Reasonable accommodation: 65,624 (Failure to provide reasonable accommodation to the known physical or mental limitations of a qualified individual with a disability)
Disability harassment/ intimidation: 33,654 (Bothering, tormenting, troubling, ridiculing, or coercing a person because of disability.)
Terms/conditions of employment: 32,494 Denial or inequitable application of rules relating to general working conditions or the job environment and employment privileges which cannot be reduced to monetary value.
Allegations, Merit Resolutions and Non-Merit Resolutions
An allegation is the Charging Party’s perception of discrimination, but a Merit Resolution is one in which the EEOC has determined that a discriminatory event did indeed occur. A Non-Merit Resolution is an allegation that is closed due to a technicality or lacks sufficient evidence to conclude that discrimination occurred. Merit favors the Charging Party; Non-Merit favors the Employer.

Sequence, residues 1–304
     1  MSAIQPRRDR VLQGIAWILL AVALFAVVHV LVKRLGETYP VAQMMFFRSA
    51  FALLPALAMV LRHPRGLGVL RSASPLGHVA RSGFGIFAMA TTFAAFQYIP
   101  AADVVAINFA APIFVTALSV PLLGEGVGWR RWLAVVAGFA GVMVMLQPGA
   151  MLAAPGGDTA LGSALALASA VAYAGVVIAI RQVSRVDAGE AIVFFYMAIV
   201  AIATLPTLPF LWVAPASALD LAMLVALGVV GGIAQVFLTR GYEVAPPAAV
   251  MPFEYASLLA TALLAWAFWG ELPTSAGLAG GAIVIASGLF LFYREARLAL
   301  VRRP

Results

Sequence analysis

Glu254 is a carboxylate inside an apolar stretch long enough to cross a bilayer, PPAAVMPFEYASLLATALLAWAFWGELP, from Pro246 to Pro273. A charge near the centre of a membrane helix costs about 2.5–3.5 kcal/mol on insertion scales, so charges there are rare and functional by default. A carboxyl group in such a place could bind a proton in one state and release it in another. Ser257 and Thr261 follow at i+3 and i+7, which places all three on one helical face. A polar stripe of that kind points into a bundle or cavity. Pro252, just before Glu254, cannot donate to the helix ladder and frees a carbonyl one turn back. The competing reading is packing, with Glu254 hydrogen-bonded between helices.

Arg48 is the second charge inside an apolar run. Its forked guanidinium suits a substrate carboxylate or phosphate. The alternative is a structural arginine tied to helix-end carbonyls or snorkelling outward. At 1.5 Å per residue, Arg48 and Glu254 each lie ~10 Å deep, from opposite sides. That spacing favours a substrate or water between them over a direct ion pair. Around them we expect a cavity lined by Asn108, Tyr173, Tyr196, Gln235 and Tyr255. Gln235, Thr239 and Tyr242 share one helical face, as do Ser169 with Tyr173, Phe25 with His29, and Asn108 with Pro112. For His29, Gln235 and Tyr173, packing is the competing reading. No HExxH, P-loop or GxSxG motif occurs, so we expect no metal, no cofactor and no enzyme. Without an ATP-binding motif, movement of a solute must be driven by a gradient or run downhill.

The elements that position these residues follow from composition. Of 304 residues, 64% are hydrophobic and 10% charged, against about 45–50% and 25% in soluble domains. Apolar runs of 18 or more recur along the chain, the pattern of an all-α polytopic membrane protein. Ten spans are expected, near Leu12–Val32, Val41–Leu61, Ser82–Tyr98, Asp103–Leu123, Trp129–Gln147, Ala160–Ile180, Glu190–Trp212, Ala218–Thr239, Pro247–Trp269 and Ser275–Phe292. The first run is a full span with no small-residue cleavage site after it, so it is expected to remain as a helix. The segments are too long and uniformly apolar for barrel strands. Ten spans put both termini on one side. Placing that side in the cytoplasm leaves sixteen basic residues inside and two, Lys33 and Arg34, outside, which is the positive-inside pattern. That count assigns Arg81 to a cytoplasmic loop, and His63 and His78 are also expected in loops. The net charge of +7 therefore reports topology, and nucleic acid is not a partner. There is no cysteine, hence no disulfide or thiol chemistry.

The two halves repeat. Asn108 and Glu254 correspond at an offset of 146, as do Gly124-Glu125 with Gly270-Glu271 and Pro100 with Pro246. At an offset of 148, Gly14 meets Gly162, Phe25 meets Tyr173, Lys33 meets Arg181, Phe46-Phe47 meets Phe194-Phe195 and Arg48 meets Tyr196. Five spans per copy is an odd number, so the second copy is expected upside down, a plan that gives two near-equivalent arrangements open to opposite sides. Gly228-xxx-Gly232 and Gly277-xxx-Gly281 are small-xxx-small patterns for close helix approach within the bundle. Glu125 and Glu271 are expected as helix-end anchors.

A causal comparative study of the Merit Resolution rate for allegations of Hiring discrimination that were filed with the U.S. Equal Employment Opportunity Commission (EEOC) under Title I of the Americans with Disabilities Act (ADA) between 1992 and 2005 was conducted by McMahon, et al and published in the Journal of Occupational Rehabilitation in 2008. Hiring allegations were compared and contrasted to 259,680 allegations aggregated from six other prevalent forms of discrimination including Discharge and Constructive Discharge, Reasonable Accommodation, Disability Harassment and Intimidation, and Terms and Conditions of Employment.
Conclusions of the McMahon Study